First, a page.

How to Store Winter Clothes
It’s about time to pull out your capris, pastels and sandals to get your closet ready for spring. But what’s a girl to do with all of her winter clothes when they are out of season?
Proper storage will maintain the integrity of your clothes while also giving you space for your spring wardrobe. And by proper storage we don’t mean shoving sweaters, coats and thick pants into a cardboard box and not revisiting them again until next October. Your fashionista detective skills worked tirelessly to curate your fabulous wardrobe so don’t let all that hard work go to waste by not ensuring your clothes are well taken care while not in use. Here are some tips on how to store winter clothes during the off season:
Storage Containers: There are a variety of options for storing clothes. Cardboard boxes are not an ideal choice because they are acidic and the glue that binds them together often attracts bugs. Plus, they are flimsy and while they may cost less now, you’ll definitely have to replace them more often. Spring for plastic containers with lids to keep your clothes sealed safely. Be sure to pick a size that fits your storage space. For instance, if you’re stacking boxes in your closet, large, deep rectangles work well. For under the bed, shallow, long rectangles are preferable. You may want boxes with wheels that are easy to slide out from tight space or moveable from room-to-room.
Alternatively, you can use storage containers you may already have at home. Large comforter cases make great clothes storage bags. They are malleable and can therefore fit in many types of spaces. Suitcases are another terrific place to pack your off-season clothes because they are sturdy, spacious and you have to store them somewhere anyways. If you have to keep your clothes in sight, opt for fun bins or baskets with patterns that match your home décor. Place a blanket on top so it appears to be a basket of cozy rather than your entire winter wardrobe.
Storage Location: Cool, dry and dark locales are the best storage places for your clothes. You’ll want good air circulation as heat can damage clothing fibers. Plus, direct sunlight can fade fabrics so a darker space is better. Attics are tempting but can get very hot in the summertime. If an indoor closet isn’t an option, see what storage space you can make in your garage. Some crafty people hang tracks from the ceiling of their garage and dangle their storage bins overhead. Be sure the space is accessible so you can check on your clothes every once in a while. You’ll want to make sure there is no water damage or bug infestation. Both of these problems can be remedied if discovered quickly.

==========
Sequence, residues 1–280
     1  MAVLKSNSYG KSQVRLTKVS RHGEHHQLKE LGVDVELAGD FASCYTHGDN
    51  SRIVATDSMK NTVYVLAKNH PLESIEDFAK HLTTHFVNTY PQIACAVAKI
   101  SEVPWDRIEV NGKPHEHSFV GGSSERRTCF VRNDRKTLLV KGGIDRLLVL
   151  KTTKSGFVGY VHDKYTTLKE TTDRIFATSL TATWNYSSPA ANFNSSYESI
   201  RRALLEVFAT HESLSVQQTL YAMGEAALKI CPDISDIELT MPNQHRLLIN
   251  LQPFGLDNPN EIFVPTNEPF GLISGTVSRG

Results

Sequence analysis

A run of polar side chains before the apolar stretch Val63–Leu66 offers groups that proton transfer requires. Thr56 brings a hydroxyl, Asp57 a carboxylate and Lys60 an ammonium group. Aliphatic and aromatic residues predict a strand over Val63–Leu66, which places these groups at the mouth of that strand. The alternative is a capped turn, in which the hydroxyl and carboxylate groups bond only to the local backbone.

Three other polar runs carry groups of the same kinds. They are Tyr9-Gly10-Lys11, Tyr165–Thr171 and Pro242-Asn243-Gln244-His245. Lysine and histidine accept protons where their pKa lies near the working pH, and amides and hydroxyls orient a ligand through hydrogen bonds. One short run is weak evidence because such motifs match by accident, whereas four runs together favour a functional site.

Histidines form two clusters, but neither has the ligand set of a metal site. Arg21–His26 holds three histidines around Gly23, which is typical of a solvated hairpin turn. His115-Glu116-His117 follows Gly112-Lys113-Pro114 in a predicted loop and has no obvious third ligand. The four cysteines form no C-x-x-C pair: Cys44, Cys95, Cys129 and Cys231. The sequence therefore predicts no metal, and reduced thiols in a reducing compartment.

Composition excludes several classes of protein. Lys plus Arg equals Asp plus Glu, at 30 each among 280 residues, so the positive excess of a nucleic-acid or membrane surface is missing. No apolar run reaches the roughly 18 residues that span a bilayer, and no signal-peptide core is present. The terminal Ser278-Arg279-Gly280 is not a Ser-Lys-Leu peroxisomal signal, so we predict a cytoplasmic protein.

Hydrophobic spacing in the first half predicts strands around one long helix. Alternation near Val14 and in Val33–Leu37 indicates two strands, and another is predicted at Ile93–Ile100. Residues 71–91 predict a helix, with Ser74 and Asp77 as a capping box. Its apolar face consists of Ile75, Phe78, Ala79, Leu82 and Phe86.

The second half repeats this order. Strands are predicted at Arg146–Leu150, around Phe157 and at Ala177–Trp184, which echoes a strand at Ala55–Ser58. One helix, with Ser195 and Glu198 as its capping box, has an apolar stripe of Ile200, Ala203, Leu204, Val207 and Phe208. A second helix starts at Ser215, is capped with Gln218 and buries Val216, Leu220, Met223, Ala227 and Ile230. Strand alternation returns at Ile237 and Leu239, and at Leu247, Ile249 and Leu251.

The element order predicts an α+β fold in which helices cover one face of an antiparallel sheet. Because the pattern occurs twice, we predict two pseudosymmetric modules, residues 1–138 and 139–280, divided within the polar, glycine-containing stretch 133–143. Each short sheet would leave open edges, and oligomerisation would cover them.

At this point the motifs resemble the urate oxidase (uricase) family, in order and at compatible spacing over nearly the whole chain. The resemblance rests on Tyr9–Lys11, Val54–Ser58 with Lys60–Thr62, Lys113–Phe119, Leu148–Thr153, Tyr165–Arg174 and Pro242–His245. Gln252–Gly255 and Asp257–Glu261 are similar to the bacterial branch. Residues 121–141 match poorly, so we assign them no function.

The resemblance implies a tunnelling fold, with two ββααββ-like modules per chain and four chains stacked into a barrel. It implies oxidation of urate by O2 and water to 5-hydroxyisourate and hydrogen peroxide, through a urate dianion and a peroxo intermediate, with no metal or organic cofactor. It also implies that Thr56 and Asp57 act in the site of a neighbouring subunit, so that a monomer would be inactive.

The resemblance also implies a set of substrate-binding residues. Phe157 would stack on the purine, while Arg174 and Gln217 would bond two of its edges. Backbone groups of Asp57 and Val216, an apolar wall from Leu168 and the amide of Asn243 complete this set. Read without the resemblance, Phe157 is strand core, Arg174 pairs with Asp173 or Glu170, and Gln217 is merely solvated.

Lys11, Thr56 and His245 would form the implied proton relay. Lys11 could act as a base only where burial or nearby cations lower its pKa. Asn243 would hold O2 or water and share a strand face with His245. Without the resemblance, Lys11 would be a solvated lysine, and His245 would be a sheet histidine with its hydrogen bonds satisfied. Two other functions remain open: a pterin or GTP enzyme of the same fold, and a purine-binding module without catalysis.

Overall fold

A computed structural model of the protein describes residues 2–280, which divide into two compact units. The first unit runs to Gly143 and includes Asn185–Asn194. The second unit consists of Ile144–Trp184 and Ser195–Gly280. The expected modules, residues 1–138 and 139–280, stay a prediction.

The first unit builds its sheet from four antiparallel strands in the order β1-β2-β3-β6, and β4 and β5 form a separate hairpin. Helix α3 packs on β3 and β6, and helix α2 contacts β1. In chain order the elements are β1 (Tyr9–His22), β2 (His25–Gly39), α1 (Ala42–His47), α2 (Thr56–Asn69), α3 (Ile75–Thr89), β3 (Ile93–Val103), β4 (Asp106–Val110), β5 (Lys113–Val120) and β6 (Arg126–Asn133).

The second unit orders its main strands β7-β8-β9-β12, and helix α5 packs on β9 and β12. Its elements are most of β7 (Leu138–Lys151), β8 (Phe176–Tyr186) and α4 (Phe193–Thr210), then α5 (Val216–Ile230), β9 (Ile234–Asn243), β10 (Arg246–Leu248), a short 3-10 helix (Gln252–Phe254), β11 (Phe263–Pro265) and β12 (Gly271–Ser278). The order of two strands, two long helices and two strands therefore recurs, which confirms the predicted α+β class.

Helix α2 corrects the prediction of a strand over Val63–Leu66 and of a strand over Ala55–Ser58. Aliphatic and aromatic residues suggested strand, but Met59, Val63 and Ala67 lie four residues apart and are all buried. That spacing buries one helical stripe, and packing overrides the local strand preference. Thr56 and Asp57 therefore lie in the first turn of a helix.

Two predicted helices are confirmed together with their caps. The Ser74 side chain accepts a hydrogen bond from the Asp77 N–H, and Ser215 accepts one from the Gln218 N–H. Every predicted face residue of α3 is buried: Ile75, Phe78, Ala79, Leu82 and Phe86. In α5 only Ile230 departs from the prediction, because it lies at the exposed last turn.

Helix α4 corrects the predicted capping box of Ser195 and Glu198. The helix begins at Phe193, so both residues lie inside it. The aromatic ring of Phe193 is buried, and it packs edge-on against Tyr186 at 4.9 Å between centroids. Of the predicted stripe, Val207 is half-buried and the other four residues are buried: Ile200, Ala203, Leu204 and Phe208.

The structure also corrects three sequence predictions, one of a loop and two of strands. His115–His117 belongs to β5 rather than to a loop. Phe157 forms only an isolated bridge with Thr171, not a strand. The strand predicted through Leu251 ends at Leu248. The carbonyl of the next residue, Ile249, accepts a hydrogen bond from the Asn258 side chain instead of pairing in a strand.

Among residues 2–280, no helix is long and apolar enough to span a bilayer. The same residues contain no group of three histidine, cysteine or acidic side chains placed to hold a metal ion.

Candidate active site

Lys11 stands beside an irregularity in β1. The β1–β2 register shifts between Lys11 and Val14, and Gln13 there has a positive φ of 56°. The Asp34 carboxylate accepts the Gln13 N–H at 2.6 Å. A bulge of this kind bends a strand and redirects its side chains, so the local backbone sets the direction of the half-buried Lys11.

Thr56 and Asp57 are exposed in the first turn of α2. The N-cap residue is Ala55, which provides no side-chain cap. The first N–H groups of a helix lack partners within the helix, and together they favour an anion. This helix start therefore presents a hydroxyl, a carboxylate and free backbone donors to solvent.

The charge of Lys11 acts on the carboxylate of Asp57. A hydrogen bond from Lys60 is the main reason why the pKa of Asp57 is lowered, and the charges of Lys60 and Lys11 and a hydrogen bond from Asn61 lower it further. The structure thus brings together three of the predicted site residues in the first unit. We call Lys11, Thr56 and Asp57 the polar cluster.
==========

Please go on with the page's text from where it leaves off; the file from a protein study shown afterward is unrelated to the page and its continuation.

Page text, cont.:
Wash Clothes First: Be sure to thoroughly clean your clothes before storing them. Stains, dirt or even particles left on clothes can stain them permanently. Bugs are also attracted to certain unclean scents that may linger on your wardrobe. You’ll probably want to wash clothes again before wearing them the following season.
Organize: Before you store winter clothes purge items that you haven’t worn in several years. Someone else less fortunate could probably get more use out of it than you. Also, pack like items together: sweaters with sweaters; pants with pants; etc… Label your boxes so you know where to find things should the spring weather take a turn and you need to pull out a few items on the fly. Put winter coats near the back of your storage space and potentially useful things closer to the front so they are more easily accessible.
Hang Only What You Must: Hanging heavy clothes for too long can cause them to lose their shape or stretch. Only hang items when it is completely necessary. Always use an appropriate hanger for the garment. Suits and coats will most certainly need sturdier and better padded hangers. Use the loops on your clothes to reinforce them on the hanger.
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